Beijing: The second rate cut this year made by China's central bank yesterday to boost the sagging economy came sooner than expected, but it has still more room for further reductions, say experts.
"The rate cuts (this year) came a little bit earlier than what the market expected," Li Huiyong, chief macroeconomic analyst for Shenyin & Wanguo Securities said.
"I think a declining inflation level gives more room for lowering the interest rates and it reflects that economic growth is not looking that good in the second quarter," he said told state run Xinhua news agency.
In a surprise move yesterday, the People's Bank of China (PBOC) cut benchmark interest rate for the second time this year as the world's second largest economy showed signs of slowing down further in the second quarter.
It has reduced the rate for one-year deposits by 25 basis points (0.25 percent) and for one-year lending by 31 basis points (0.31 percent).
The move came less than a month after the rate cuts announced on June 7, when the benchmark rates were slashed by 0.25 percent in their first cuts since December 2008.
The central bank also brought down the lower limit for lending rates to float to 70 percent of the benchmark rate from 80 percent announced in June, stepping up its bid to liberalise interest rates.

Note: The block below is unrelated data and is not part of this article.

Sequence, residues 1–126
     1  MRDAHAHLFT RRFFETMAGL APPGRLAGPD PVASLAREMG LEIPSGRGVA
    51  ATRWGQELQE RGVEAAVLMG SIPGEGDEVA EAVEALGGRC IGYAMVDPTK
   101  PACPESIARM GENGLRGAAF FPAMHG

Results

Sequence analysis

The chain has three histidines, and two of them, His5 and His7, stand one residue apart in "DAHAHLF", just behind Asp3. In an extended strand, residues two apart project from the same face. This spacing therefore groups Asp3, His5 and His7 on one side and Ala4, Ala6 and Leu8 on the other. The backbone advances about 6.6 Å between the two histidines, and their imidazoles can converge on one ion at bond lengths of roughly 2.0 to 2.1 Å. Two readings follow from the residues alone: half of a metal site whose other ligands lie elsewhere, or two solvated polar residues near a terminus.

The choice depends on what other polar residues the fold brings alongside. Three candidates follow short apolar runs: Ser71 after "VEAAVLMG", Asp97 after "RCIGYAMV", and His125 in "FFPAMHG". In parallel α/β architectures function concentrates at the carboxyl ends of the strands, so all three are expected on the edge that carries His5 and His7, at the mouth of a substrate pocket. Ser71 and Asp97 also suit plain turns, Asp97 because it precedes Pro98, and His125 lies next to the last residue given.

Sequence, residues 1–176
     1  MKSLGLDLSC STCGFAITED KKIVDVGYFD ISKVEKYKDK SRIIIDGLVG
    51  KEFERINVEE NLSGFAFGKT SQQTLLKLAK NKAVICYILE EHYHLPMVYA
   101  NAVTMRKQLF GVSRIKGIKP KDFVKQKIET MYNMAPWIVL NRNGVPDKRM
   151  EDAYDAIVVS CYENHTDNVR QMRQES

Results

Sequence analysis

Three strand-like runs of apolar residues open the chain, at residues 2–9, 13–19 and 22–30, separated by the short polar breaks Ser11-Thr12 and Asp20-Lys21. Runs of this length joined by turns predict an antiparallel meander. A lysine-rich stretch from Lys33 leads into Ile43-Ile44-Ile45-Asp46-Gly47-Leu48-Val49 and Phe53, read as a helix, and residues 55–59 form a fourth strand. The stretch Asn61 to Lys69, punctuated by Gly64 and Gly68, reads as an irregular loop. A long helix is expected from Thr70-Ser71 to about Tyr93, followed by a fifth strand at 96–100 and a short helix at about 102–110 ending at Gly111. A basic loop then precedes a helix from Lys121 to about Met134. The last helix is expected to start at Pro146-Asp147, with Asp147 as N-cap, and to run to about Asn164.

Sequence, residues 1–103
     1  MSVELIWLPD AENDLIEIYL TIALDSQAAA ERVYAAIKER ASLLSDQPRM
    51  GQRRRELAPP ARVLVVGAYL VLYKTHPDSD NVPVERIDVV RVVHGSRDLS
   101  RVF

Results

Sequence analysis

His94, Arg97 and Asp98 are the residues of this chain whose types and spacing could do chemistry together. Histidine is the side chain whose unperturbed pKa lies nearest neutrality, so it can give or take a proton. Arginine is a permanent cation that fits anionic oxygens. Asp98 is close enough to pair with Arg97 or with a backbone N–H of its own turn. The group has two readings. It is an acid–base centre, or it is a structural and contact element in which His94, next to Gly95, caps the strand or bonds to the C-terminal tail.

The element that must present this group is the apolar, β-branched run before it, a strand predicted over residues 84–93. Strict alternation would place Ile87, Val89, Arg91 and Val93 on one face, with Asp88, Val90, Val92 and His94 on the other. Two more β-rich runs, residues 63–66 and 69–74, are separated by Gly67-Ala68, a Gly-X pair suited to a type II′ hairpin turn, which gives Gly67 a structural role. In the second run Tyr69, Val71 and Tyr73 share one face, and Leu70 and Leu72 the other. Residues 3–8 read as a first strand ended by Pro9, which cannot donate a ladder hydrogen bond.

The European Central Bank too eased monetary stance, as part of efforts to boost the fortunes of the region reeling under a severe debt turmoil.
China's gross domestic product (GDP) growth had moderated to a nearly a three-year low of 8.1 percent in the first quarter and is widely expected to have slowed for the sixth straight quarter for April-June period.
"With the second rate cuts in less than a month, the central bank fully delivered its intention of maintaining economic growth," Guo Tianyong, a professor from the Central University of Finance and Economics said.
China's economy will bottom out in the second quarter with a year-on-year growth of 7.5 percent, international investment bank Barclays Capital said in a report Thursday.
The National Bureau of Statistics is expected to release next week a string of economic data, including the GDP for the second quarter, and the consumer price index (CPI) for June.
Guo forecast annual CPI growth to slow to 2.5 percent after hitting a 17-month low of 3 percent in May.
After the latest cuts, the one-year deposit interest rate will fall to 3 percent while the one-year loan interest rate will be lowered to 6 percent.